Contributors xi Preface xiv Chapter 1 Lobsters as Part of Marine Ecosystems A Review 1 Bruce F. Phillips, Richard A. Wahle and Trevor J. Ward 1.1 Introduction 1 1.2 Species overviews 3 1.2.1 Western rock (spiny) lobster Panulirus cygnus 3 1.2.2 The American lobster Homarus americanus 7 1.3 How far have we come in thinking about lobsters as part of the ecosystem? 11 1.3.1 Panulirus cygnus 11 1.3.2 Homarus americanus 15 1.4 Human role in ecosystem dynamics 18 1.4.1 Institutional structures 18 1.4.2 Direct effects of management 19 1.4.3 Indirect effects top-down forcing by predator removal 20 1.4.4 Indirect effects bottom-up forcing by bait subsidies 21 1.4.5 Climate change impacts 21 1.5 Single species to ecosystem management how far have we come? 22 1.5.1 Panulirus cygnus 23 1.5.2 Homarus americanus 26 1.6 Implications for management and research 27 1.6.1 Top-down, bottom-up ecology 27 1.6.2 Inclusive governance systems 27 1.6.3 Stock rebuilding strategies 28 1.6.4 Environmental drivers of settlement patterns 28 1.6.5 Historical ecosystem structure 29 1.7 Conclusions 29 References 30 Chapter 2 Genetics of Wild and Captive Lobster Populations 36 W. Jason Kennington, Roy Melville-Smith and Oliver Berry 2.1 Introduction 36 2.2 Population structure 37 2.2.1 Chaotic genetic patchiness 39 2.2.2 Post-glaciation demographic expansions 39 2.3 Species identifi cation 40 2.4 Applications of species identifi cation and DNA barcoding to lobster research and management 41 2.4.1 DNA surveillance of product substitution and cross-contamination 41 2.4.2 Identification of wild lobsters 41 2.4.3 Charactering lobster diets 42 2.4.4 DNA-based methods typically employed for species identifi cation 43 2.4.5 Polymerase chain reaction restriction fragment length polymorphism 43 2.4.6 Melt-curve analysis 44 2.4.7 Species-specifi c polymerase chain reaction 44 2.5 Variation in reproductive success 45 2.6 Genetic effects of harvesting 46 2.6.1 Fishing-induced evolution 46 2.6.2 Impacting genetic diversity 50 2.7 Considerations for aquaculture and stock enhancement 50 2.7.1 Aquaculture 50 2.7.2 Stock enhancement 51 2.8 Conclusions and future directions 52 References 54 Chapter 3 Enhancement of Lobster Fisheries to Improve Yield and Value 64 Bridget S. Green, Caleb Gardner and Gro I. van der Meeren 3.1 Introduction 64 3.1.1 What is enhancement? 64 3.1.2 The motivation for enhancement 65 3.2 Monitoring the outcomes of enhancement operations 67 3.2.1 Growth and reproduction 68 3.2.2 Survival/changes to natural mortality 68 3.2.3 Displacement and integration of released lobsters 69 3.2.4 Habitat and predator change 69 3.3 Economic and policy issues 70 3.3.1 Economic feasibility 70 3.3.2 Optimal management of harvests with enhancement 71 3.3.3 Ownership, policy and risk 72 3.4 Case studies 73 3.4.1 Clawed lobster restocking 73 3.4.2 Range extension of American lobster to Europe 74 3.4.3 Improving yield in Southern rock lobster: translocating low quality adults 74 3.5 Conclusions 75 References 75 Chapter 4 The Impact of Climate Change on Exploited Lobster Stocks 84 Nick Caputi, Simon de Lestang, Stuart Frusher and Richard A. Wahle 4.1 Introduction 84 4.2 Case studies 85 4.2.1 Western rock lobster (Panulirus cygnus) 85 4.2.2 Southern rock lobster (Jasus edwardsii) 89 4.2.3 American lobster (Homarus americanus) 92 4.3 Other lobster species 98 4.3.1 Caribbean lobster (Panulirus argus) 98 4.3.2 Southern African west coast rock lobster (Jasus lalandii) 98 4.3.3 Hawaiian lobster (Panulirus marginatus) 99 4.3.4 Japanese lobster (Panulirus japonicus) 99 4.3.5 Californian lobster (Panulirus interruptus) 100 4.3.6 Pronghorn spiny lobster (Panulirus pencillatus) 100 4.3.7 European lobster (Homarus gammarus) 100 4.3.8 Norway Lobster (Nephrops norvegicus) 101 4.4 Discussion 101 4.4.1 Climate change effect type 101 4.4.2 Sensitivity to environmental effects 101 4.4.3 Climate change effects 102 4.4.4 Implications for stock assessment 104 4.4.5 Implications for management 104 4.4.6 Risk assessment approach to assess vulnerability 105 4.5 Conclusions and future research 105 References 106 Chapter 5 Systems to Maximize Economic Benefits in Lobster Fisheries 113 Caleb Gardner, Sherry Larkin and Juan Carlos Seijo 5.1 Introduction 113 5.2 Economic concepts used in lobster fi shery management 114 5.2.1 Net economic benefits 114 5.2.2 Economic targets and performance measures 115 5.2.3 Economic modelling 116 5.3 Lobster fishery management systems 118 5.3.1 Limited entry 118 5.3.2 Effort limitation 118 5.3.3 Quota management 121 5.3.4 Territorial use rights 123 5.4 Resource sharing and allocation of lobster stocks 124 5.4.1 Recreational and commercial sectors 124 5.4.2 Customary harvests 125 5.4.3 Non-extractive users 126 5.4.4 Dividing catches between nations 126 5.4.5 Managing conflicting objectives 127 5.5 Developing issues in lobster fishery economics 128 5.5.1 Rights-based management systems 128 5.5.2 Multiple species and ecosystem interactions 128 5.5.3 Marine protected areas 129 5.5.4 Climate change 130 5.6 Conclusions 131 References 132 Chapter 6 Lobster Ecolabelling 139 Trevor J Ward and Bruce F Phillips 6.1 Introduction 139 6.1.1 What is ecolabelling? 142 6.1.2 Global context 146 6.2 Ecolabelling objectives 147 6.2.1 Consumers 147 6.2.2 Retailers and wholesalers 148 6.2.3 Fishing and aquaculture industry 149 6.2.4 Non-government organizations 149 6.2.5 Governments 150 6.2.6 Developing countries 151 6.3 Comparative performance assessment 152 6.3.1 Criteria 152 6.3.2 Assessing performance 155 6.4 Ecolabelled lobsters 158 6.4.1 Panulirus cygnus (Australia) 158 6.4.2 Homarus americanus (Canada) 161 6.4.3 Homarus gammarus (France, UK) 163 6.4.4 Panulirus interruptus (Mexico) 166 6.5 Conclusions 168 6.5.1 Management issues 169 6.5.2 Stock issues 170 6.5.3 Environmental impacts 171 6.5.4 Developing countries 173 6.5.5 Successful certification and ecolabelling of lobsters 174 Appendix 175 Example Aquaculture Criteria and Grades: ecological performance and sustainability stringency 175 References 182 Chapter 7 Essential Habitats for Panulirus Spiny Lobsters 186 Patricia Briones-Fourzan and Enrique Lozano-Alvarez 7.1 Introduction 186 7.2 Essential habitats for ontogenetic shifters 189 7.2.1 Nursery and juvenile habitats 189 7.2.2 Adult and breeding habitats 192 7.2.3 Foraging habitats 193 7.3 Habitat specialists 194 7.4 Coexisting species: interspecific trade-offs 196 7.5 Global and local threats to habitats used by Panulirus lobsters 198 7.5.1 Fishing practices 198 7.5.2 Coastal development 199 7.5.3 Climate change and ocean acidification 199 7.5.4 Potential effects of habitat loss 200 7.6 Habitat management 200 7.6.1 Marine protected areas 200 7.6.2 Corollary: marine reserves and invasive species 202 7.6.3 Habitat enhancement 202 7.6.4 Casitas and the controversy over their use 203 7.6.5 Corollary: habitat enhancement and disease transmission 204 7.7 Conclusions 205 References 206 Chapter 8 Homarus 221 Richard A. Wahle, Kathleen M. Castro, Oliver Tully and J. Stanley Cobb 8.1 Introduction 221 8.2 Species overview 222 8.3 Life-history overview 224 8.4 Growth and age 225 8.4.1 Components of growth 225 8.4.2 Age determination 227 8.5 Maturation 228 8.5.1 Size at onset of maturity 228 8.5.2 Clutch size and fecundity 230 8.6 Larval and pre-settlement dynamics 230 8.7 Postlarval settlement and benthic recruitment 231 8.7.1 Settlement indices 231 8.7.2 Settler fishery recruit relationship 233 8.8 Meta-population structure 233 8.9 Post-settlement mortality sources 235 8.9.1 Predators and habitat-mediated survival bottlenecks 235 8.9.2 Evidence of density-dependence 236 8.9.3 Disease 236 8.10 Homarus in a changing ecosystem 239 8.10.1 Global climate change effects 239 8.10.2 Altered food webs 240 8.11 Harvest and management of wild populations 240 8.11.1 Gear type and methods 240 8.11.2 Commercial exploitation 241 8.11.3 Fishery management 242 8.12 Mariculture and population enhancement 244 8.12.1 Mariculture 244 8.12.2 Stock enhancement 244 8.12.3 Habitat enhancement 245 8.13 Conclusions and future research 246 References 247 Chapter 9 Jasus and Sagmariasus Species 259 Andrew G. Jeffs, Caleb Gardner and Andy Cockcroft 9.1 Species and distribution 259 9.2 Reproduction, life history and growth 261 9.3 Ecology and behaviour 265 9.4 Predators and disease 267 9.5 Population dynamics 267 9.6 Harvest of wild populations and their regulation 268 9.6.1 South Africa and Namibia 269 9.6.2 Australia 270 9.6.3 New Zealand 271 9.6.4 Other Jasus fi sheries 272 9.7 Aquaculture 274 9.8 Marine protected areas 275 9.9 Managing ecosystem effects of fi shing 276 9.10 Conclusions 277 References 277 Chapter 10 Panulirus Species 289 Bruce F. Phillips, Roy Melville-Smith Matthew C. Kay and Armando Vega-Velazquez 10.1 Species and distribution 289 10.2 Life history, growth and reproduction 290 10.3 Predators and diseases 291 10.4 Ecology and behaviour 292 10.5 Population dynamics and regulation 293 10.6 Harvest of wild populations and their regulations 293 10.6.1 Australia and Papua New Guinea 293 10.6.2 Cuba 300 10.6.3 USA (Florida) 302 10.6.4 Brazil 304 10.6.5 Baja California Mexico and California USA 305 10.6.6 India 310 10.6.7 Kenya and Somalia 311 10.6.8 Indonesia 311 10.6.9 Japan 311 10.7 Aquaculture and enhancement 312 10.7.1 Aquaculture 312 10.7.2 Enhancement 314 10.8 Management and conservation 314 10.9 Conclusions 315 References 315 Chapter 11 Palinurus Species 326 Johan C. Groeneveld, Raquel Goni and David Diaz 11.1 Introduction 327 11.2 Species and distribution 327 11.2.1 Present-day distributions 327 11.2.2 Effects of climate change on past distribution patterns 327 11.3 Biology and ecology 329 11.3.1 Reproductive biology 329 11.3.2 Larval dispersal patterns and recruitment of pueruli 332 11.3.3 Moulting and growth 336 11.3.4 Population structure, size composition and sex ratios 338 11.3.5 Migrations and movement 339 11.3.6 Predators, defence and natural mortality 340 11.3.7 Diet 341 11.4 Molecular phylogeny and evolution 341 11.5 Harvest of wild populations 342 11.5.1 Palinurus elephas 342 11.5.2 Palinurus mauritanicus 343 11.5.3 Palinurus charlestoni 344 11.5.4 Palinurus gilchristi 344 11.5.5 Palinurus delagoae 344 11.5.6 Palinurus barbarae 346 11.6 Protection and enhancement 346 11.6.1 Marine Protected Areas 346 11.6.2 Enhancement 347 11.7 Monitoring and management 347 11.7.1 Northeast Atlantic and Mediterranean fi sheries 347 11.7.2 Southwest Indian Ocean fisheries 348 11.8 Conclusions 349 References 349 Chapter 12 Nephrops Species 357 Mike Bell, Ian Tuck and Helen Dobby 12.1 Introduction 357 12.2 Species and distribution 357 12.3 Life history 361 12.3.1 Growth 361 12.3.2 Reproduction 364 12.3.3 Food and feeding 369 12.3.4 Activity patterns 371 12.4 Population dynamics 375 12.4.1 Population structure 375 12.4.2 Mortality 377 12.4.3 Population regulation 382 12.5 Harvest of wild populations 383 12.5.1 Fishing methods 383 12.5.2 Catchability 388 12.5.3 Catches 389 12.6 Monitoring and management 389 12.6.1 Management measures and structures 389 12.6.2 Stock assessments 391 12.6.3 Status of stocks 395 References 396 Chapter 13 Commercial Scyllarids 414 Ehud Spanier and Kari L. Lavalli 13.1 Introduction 414 13.2 Taxonomy and systematic hierarchy 415 13.2.1 Features of the genera 415 13.2.2 Species and distribution 416 13.3 Anatomy 426 13.4 Life history 429 13.4.1 Phyllosoma 430 13.4.2 Nistos 431 13.4.3 Juveniles 432 13.4.4 Adults 434 13.5 Behaviour 436 13.5.1 Feeding behaviour 436 13.5.2 Sheltering behaviour and substrate preferences 440 13.5.3 Predators and antipredator behaviour 442 13.5.4 Mating behaviour 444 13.5.5 Movement patterns 445 13.6 Diseases 449 13.7 Harvest of wild populations 450 13.7.1 Thenus spp. fishery 451 13.7.2 Ibacus alticrenatus fishery 451 13.7.3 Ibacus brucei fishery 451 13.7.4 Ibacus chacei fishery 451 13.7.5 Ibacus ciliatus fishery 452 13.7.6 Ibacus peronii fishery 452 13.7.7 Parribacus spp. fisheries 452 13.7.8 Scyllarides aequinoctialis fishery 452 13.7.9 Scyllarides astori fishery 452 13.7.10 Scyllarides deceptor fishery 453 13.7.11 Scyllarides latus fi shery 453 13.7.12 Scyllarides nodifer fishery 453 13.7.13 Scyllarides obtusus fishery 454 13.7.14 Scyllarides squammosus fishery 454 13.7.15 Fishery concerns 454 13.8 Aquaculture and restocking 455 13.9 Summary 456 References 456 Chapter 14 Conclusions 467 Bruce F. Phillips References 468 Index 471 Colour plate section between pp. 130 and 131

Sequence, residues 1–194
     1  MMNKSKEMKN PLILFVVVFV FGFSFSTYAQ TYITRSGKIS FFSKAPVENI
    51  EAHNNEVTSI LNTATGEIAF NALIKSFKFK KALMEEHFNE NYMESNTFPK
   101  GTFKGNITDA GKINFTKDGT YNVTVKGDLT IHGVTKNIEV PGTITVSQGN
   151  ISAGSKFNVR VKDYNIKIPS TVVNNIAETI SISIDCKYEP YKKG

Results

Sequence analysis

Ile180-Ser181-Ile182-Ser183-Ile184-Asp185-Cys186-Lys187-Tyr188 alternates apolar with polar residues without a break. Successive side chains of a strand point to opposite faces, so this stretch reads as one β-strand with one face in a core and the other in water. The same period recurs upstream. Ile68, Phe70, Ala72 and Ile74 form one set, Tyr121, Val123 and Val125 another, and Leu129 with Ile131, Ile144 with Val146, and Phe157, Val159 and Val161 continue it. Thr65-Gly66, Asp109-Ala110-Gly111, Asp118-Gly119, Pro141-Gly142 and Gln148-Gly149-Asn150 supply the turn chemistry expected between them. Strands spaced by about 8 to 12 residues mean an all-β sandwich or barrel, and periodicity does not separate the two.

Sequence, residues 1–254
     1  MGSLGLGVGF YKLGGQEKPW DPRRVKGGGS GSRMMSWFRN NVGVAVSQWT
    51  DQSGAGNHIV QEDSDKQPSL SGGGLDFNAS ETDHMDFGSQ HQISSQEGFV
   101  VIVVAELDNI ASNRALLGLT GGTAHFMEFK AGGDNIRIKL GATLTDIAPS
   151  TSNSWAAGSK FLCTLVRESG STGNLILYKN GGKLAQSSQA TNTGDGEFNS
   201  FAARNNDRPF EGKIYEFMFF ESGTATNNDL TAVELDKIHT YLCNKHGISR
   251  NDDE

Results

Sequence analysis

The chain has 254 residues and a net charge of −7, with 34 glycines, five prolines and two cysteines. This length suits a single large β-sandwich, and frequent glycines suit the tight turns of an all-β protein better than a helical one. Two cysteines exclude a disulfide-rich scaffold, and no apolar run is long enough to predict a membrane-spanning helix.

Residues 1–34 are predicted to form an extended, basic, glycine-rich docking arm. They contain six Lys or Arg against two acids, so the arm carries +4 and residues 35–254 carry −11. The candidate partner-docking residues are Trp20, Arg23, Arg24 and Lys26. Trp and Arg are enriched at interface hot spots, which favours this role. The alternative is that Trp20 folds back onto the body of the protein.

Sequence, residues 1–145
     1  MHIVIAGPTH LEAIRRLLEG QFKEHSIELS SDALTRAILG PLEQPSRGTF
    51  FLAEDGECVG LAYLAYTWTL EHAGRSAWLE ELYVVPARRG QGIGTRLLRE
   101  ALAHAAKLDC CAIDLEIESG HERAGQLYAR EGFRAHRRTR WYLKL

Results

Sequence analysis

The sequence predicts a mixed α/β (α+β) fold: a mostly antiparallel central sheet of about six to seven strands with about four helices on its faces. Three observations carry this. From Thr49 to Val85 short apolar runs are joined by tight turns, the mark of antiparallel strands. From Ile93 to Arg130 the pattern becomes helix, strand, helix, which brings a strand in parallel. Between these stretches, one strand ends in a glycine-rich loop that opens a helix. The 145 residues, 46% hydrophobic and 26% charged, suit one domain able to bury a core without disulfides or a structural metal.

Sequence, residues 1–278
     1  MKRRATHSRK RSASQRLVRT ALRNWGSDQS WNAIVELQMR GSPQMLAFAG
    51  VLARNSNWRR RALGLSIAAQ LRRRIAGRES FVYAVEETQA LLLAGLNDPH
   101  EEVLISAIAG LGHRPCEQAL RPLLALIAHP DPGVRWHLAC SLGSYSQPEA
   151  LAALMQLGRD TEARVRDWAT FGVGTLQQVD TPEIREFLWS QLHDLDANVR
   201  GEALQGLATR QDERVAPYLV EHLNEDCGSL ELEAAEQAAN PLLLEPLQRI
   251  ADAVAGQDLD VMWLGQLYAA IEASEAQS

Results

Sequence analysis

Product Details

  • publication date: 12/04/2013
  • ISBN13: 9780470671139
  • Format: Hardback
  • Number Of Pages: 488
  • ID: 9780470671139
  • weight: 1152
  • ISBN10: 0470671130
  • edition: 2nd Revised edition